In late June, overlooked amid pandemic, economic crisis, and protest headlines, a bipartisan cohort of United States senators introduced a bill to establish a U.S. Department of Agriculture, or USDA, certification program, helping farmers and forest landowners participate in carbon credit markets. The bill’s sponsoring politicians ranged from Rhode Island Democrat Sheldon Whitehouse to South Carolina Republican Lindsey Graham.
But the diverse set of interest groups that proudly pasted their logo to the bill’s one-pager was even more striking. The collage featured traditional agribusiness giants like McDonald’s, Cargill, Syngenta, and Land O’ Lakes, corporate lobby groups like the National Milk Producer’s Federation and The American Farm Bureau Federation, and also conservationists like The Nature Conservancy, The American Farmland Trust, and the Citizen’s Climate Lobby. The bill’s most conspicuous private-sector supporter is Microsoft, which announced in January it intended to become “carbon negative” by 2030.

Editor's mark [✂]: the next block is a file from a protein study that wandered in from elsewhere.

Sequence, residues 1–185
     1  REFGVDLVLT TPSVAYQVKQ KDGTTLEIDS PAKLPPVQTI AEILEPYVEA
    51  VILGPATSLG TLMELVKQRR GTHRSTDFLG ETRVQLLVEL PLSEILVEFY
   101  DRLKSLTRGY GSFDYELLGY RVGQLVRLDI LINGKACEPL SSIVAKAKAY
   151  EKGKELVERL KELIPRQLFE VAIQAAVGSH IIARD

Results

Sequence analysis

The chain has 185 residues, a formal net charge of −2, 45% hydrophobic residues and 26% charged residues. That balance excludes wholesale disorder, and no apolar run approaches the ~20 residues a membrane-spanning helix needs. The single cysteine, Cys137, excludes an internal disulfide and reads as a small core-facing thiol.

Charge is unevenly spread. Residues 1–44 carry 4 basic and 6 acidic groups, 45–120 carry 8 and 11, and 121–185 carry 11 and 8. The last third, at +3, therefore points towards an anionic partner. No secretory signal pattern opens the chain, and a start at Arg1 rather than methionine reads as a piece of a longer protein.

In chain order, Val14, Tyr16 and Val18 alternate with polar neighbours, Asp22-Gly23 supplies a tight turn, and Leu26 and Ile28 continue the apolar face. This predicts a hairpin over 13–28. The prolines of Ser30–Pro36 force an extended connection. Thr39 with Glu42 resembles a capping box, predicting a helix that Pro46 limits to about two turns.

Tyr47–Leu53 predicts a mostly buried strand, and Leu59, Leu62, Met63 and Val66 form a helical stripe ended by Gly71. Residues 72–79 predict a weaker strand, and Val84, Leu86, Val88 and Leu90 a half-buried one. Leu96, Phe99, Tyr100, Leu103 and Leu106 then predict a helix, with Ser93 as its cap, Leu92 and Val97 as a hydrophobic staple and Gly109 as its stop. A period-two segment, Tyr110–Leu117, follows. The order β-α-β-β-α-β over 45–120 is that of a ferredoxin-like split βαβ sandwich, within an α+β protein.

It all sounds too good to be true—and it is. While support for soil carbon is forging unprecedented partnerships, its scientific basis is collapsing. A comprehensive feature on the subject by Gabriel Popkin in Yale E360 emerged this spring; two months later, Mother Jones editor Maddie Oatman penned a similar investigation. Their findings were clear: The science of soil carbon, to put it literally, lacks depth.